Las Vegas Sun

November 28, 2022

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‘Bat Out of Hell’ brings an unbridled spectacle to Paris Las Vegas

Bat Out of Hell the Musical

Chris Davis Studio

Bat Out of Hell - The Musical” opens at the Paris Theater on September 27.

Grammy Award-winning composer, lyricist and producer Jim Steinman always wanted his rock-and-roll musical “Bat Out of Hell” to land on the Las Vegas Strip. The musician passed away in April of 2021, but the production premiered in 2017 at the Manchester Opera House in England before a West End run, North American and international tours and an off-Broadway run in New York City.

At last, the Las Vegas debut is here this week, with an opening performance set for September 27 at the Paris Theater. “Bat Out of Hell – The Musical” continues Tuesdays through Thursdays and Sundays at 7 p.m., and Fridays and Saturdays at 7 and 9:30 p.m. Tickets are available via Ticketmaster.

“Part of it had to do with Jim’s initial vision, being such a fan of great theatrical events and great spectacle,” said director Jay Scheib, who also helmed the London production, which won the Evening Standard Award for Best Musical. “Las Vegas is one of the only places that has really created a true center for that kind of work. He had always really hoped for the production to come here and felt very strongly about that. I wish he were here with us, but we’re really happy to be fulfilling this dream.”

The stage show famously uses the ubiquitous music Steinman produced for Meat Loaf’s award-winning and best-selling 1977 album of the same name, including anthemic rock hits like “Two Out of Three Ain’t Bad” and “Paradise by the Dashboard Light.” Although the album was released long before the musical, Steinman originally created most of the music for the show in the early 1970s.

“It was meant to be an adaptation of Peter Pan, but it didn’t work out with the rights so they packaged up the songs for a different project. One of the actors he was working with was this guy who also had a band and went by the name of Meat Loaf,” explained Scheib. “The songs originally meant for the musical were released as the album ‘Bat Out of Hell,’ so in an interesting way, it was sort of a premature cast album, just 40 years too early.”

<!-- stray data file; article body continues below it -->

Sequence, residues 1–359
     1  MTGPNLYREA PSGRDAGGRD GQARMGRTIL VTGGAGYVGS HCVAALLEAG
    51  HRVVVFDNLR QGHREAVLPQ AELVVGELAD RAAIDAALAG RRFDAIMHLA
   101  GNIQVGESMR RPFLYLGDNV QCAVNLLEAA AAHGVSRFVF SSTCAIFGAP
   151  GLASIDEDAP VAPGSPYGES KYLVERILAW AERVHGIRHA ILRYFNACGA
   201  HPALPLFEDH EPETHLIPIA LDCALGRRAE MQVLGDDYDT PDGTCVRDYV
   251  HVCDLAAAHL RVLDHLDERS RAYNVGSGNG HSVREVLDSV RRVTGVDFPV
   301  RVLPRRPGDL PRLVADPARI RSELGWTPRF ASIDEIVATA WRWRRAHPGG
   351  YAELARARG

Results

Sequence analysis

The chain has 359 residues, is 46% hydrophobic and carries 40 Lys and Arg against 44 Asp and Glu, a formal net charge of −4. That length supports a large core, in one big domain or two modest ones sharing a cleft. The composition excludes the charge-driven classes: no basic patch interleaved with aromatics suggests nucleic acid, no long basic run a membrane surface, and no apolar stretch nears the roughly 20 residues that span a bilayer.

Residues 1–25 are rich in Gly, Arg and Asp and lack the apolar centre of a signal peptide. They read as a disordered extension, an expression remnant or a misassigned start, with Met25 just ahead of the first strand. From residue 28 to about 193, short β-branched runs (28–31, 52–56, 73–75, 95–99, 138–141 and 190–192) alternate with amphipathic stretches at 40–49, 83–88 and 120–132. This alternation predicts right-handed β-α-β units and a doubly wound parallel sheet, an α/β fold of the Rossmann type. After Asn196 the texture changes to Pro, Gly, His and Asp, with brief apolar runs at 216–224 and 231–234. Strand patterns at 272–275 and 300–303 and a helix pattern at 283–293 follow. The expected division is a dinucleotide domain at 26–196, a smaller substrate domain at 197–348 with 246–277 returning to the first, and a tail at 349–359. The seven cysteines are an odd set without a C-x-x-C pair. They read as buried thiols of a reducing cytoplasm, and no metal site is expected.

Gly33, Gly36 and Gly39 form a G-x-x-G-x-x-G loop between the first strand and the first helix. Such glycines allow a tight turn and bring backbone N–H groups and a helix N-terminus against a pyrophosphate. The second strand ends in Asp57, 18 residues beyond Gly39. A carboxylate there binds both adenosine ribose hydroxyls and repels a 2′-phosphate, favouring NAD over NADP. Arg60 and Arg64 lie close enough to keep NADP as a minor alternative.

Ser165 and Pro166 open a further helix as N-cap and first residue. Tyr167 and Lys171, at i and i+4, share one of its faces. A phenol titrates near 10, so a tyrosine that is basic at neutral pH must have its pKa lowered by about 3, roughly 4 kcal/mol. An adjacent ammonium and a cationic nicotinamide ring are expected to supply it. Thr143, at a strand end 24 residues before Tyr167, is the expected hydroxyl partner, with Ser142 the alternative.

Fans of the record will recognize the storytelling in the songs and understand the narrative of the musical in a powerful way. The epic tale is akin to Romeo and Juliet with main character Strat, the leader of a youthful group of rebels known as the Lost, falling for Raven, daughter of Falco, the ruler of the dystopian city Obsidian, and his wife Sloane.

“I find in the end it turns out to be a story about two young lovers who succumb to love at first sight and will do anything to be together, even as we watch the parents of Raven go through the struggles of aging and struggling to remain together,” Scheib said. “They’re going through their own process trying to figure out how they will keep passion alive and manage to stay together.”

In the Paris Las Vegas production, Falco and Sloane will be played by two veteran Vegas performers known for powerful singing voices in Travis Cloer (“Jersey Boys”) and Anne Martinez (“Baz,” “Jubilee,” “Showstoppers”). Another local, newcomer Alize Cruz, plays Raven, and Canadian singer Travis Cormier takes the lead role of Strat.

“There are so many great performers in the Las Vegas area, and of course we’re coming in right after several very difficult years in the performing arts. We had auditions in New York and L.A., then we came here and ran a few weeks of auditions and it had always been our desire to try to cast as many local people as possible,” Scheib said. “Much of the cast is meant to be part of the Lost, young people, kids who have lost their way, so it’s a great opportunity to find folks that are new to the performance world and just getting started.”

With a 25-person ensemble, an eight-piece live band, plenty of pyrotechnics, live cameras, projection and animation, “Bat Out of Hell” promises to be the full-scale production show this venue hasn’t had in recent years, and it comes at a great time for the resort after Paris recently added several new high-profile restaurants to its portfolio. There are loads of new experiences to be had at this center-strip stalwart.

And the over-the-top spirit everyone recognizes from those classic Meat Loaf tunes is deeply engrained in the stage presentation, which seems like a great fit for Las Vegas.

“There’s this completely unreserved energy in the music,” Scheib said. “Some of Jim’s songs are 10 minutes long and there are very few pop songs that have that kind of unbridled energy that carries on with such duration. We have several of those in the show … and so we pursue all of these gestures with the same kind of incredible force of technical wizardry.”